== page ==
Common mistake all most (almost)

Common Mistake: Using "all most" instead of "almost"

One common mistake that many people make is using the phrase "all most" instead of "almost." While the two phrases may sound similar, they have different meanings and usage.


The adjective "almost" is used to describe an action or state that is very close to happening or being true. For example:

  • Incorrect: I all most finished my homework.
  • Correct: I almost finished my homework.

In the incorrect example, the phrase "all most" is used, which is a combination of the words "all" and "most." However, this phrase does not convey the intended meaning. To correctly express the idea of being very close to finishing the homework, the word "almost" should be used.

How to Avoid the Mistake:

To avoid this common mistake, always remember to use the word "almost" instead of "all most" when describing something that is very close to happening or being true.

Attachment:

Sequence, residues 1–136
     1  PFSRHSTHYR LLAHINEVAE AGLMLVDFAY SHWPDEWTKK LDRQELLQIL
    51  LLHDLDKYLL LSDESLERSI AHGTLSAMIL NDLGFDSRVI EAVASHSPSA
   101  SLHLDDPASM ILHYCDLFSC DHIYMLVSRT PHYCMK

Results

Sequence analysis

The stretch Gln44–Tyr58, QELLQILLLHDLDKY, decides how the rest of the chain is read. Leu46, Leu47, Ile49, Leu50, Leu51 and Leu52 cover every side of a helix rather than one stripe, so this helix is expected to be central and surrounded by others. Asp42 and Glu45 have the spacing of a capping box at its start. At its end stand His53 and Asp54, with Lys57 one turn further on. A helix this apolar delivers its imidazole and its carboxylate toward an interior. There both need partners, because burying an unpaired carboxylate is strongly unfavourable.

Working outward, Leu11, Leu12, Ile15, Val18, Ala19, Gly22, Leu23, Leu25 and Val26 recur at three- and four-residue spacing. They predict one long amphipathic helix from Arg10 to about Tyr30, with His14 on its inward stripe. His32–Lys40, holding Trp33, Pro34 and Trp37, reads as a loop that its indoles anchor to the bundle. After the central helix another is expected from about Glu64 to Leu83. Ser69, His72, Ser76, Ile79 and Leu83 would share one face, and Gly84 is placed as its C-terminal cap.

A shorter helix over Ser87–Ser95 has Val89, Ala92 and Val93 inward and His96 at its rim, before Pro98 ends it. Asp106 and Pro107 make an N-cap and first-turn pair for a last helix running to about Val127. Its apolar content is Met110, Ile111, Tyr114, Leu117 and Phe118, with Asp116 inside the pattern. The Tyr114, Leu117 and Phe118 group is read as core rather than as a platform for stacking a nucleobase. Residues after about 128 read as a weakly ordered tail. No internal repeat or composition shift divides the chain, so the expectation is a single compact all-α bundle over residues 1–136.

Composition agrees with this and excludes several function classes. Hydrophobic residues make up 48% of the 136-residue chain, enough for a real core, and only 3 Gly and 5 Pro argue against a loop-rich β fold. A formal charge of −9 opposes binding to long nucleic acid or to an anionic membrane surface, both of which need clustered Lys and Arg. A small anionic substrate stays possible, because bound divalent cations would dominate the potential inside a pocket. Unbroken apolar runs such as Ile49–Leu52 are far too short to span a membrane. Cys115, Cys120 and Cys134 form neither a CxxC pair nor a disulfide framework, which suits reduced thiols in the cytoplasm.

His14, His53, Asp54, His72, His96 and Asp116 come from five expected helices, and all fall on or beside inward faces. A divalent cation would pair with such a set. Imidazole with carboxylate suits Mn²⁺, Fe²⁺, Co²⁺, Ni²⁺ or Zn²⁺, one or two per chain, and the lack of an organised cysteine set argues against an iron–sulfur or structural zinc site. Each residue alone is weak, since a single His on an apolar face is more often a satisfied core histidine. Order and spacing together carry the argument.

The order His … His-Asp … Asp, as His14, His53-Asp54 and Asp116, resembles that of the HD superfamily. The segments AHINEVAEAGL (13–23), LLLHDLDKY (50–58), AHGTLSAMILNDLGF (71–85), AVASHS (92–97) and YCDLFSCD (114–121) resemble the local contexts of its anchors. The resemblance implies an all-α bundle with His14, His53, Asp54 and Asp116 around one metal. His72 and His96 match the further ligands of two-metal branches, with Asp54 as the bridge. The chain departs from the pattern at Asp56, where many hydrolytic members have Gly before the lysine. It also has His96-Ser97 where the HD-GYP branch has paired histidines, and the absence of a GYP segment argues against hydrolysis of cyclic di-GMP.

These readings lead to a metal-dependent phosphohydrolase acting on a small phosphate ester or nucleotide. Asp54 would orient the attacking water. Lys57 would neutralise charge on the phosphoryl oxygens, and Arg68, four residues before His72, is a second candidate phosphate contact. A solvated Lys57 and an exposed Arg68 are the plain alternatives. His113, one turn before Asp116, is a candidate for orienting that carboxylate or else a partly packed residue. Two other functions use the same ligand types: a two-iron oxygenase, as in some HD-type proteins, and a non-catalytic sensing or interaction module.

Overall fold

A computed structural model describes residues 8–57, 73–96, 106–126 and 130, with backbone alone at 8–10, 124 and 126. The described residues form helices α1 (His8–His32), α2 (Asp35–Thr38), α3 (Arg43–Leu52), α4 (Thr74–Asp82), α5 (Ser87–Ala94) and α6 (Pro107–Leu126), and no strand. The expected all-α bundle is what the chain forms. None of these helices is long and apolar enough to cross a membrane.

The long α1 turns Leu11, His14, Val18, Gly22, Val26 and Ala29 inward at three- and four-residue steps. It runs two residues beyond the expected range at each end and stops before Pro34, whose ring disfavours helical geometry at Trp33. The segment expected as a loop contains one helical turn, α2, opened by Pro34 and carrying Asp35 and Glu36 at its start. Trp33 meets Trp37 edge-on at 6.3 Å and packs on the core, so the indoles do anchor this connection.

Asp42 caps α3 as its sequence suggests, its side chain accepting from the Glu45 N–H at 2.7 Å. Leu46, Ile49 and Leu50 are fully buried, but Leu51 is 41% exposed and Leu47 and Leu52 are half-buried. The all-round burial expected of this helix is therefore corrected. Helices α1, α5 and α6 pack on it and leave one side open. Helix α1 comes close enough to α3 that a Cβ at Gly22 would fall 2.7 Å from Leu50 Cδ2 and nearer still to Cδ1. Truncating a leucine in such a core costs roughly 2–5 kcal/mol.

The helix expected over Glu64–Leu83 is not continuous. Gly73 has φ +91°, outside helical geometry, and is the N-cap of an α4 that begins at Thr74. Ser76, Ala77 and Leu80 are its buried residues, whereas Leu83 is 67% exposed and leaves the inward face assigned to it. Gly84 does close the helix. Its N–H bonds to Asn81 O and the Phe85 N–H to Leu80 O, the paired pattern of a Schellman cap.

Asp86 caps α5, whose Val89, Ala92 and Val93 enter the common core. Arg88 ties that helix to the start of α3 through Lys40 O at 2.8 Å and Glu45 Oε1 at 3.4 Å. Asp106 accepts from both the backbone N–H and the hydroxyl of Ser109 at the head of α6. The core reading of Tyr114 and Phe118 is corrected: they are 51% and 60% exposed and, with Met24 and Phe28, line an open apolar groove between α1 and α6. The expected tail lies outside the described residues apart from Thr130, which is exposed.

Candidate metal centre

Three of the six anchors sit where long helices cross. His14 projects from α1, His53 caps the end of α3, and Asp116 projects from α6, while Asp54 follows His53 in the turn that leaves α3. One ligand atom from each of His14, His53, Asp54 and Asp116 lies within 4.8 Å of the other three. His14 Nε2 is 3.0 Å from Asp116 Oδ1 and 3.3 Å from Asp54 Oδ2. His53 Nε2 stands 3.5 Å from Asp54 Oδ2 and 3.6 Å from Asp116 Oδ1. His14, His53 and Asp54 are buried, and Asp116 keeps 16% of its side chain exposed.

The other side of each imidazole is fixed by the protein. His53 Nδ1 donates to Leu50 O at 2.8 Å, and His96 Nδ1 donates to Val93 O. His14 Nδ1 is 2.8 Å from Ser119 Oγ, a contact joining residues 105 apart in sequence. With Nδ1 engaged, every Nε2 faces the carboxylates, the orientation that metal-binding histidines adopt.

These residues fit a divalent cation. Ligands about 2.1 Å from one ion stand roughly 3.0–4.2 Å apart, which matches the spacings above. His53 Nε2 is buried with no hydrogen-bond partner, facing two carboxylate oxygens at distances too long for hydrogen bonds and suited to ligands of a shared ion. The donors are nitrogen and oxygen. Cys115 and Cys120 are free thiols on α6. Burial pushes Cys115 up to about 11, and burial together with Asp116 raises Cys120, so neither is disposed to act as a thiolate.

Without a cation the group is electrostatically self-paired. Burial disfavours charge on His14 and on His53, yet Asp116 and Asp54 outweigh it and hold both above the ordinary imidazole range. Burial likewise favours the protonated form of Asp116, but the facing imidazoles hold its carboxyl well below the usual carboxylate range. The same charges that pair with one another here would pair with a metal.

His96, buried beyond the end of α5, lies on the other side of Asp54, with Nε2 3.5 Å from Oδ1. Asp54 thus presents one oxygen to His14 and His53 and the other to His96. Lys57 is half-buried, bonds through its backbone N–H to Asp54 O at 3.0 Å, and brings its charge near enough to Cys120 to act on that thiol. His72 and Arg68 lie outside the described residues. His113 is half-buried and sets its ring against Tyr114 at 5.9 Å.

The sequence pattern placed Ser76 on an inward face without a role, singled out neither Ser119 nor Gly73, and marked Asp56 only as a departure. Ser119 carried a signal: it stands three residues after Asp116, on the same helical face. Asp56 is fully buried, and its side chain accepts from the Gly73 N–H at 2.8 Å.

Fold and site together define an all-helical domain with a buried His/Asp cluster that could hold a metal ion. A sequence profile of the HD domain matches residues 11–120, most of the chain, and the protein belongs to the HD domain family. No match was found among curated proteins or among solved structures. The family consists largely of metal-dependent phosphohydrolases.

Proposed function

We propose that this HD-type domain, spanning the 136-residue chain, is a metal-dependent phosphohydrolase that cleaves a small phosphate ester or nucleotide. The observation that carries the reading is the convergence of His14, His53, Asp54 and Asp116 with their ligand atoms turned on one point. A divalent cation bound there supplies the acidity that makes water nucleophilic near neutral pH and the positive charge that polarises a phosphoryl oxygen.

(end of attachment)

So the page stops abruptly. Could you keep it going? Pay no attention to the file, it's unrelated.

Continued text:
Linguix Grammar Checker:

At Linguix, we understand that everyone makes mistakes, and that's why we've developed our grammar checker tool. With Linguix, you can easily identify and correct errors like using "all most" instead of "almost." Our intelligent algorithm will provide real-time suggestions and improvements to help you enhance your writing skills and produce error-free content.

all most (almost) mistake examples

  • Incorrect:
    All most all the patents were rejected...

    Almost all the patents were rejected...

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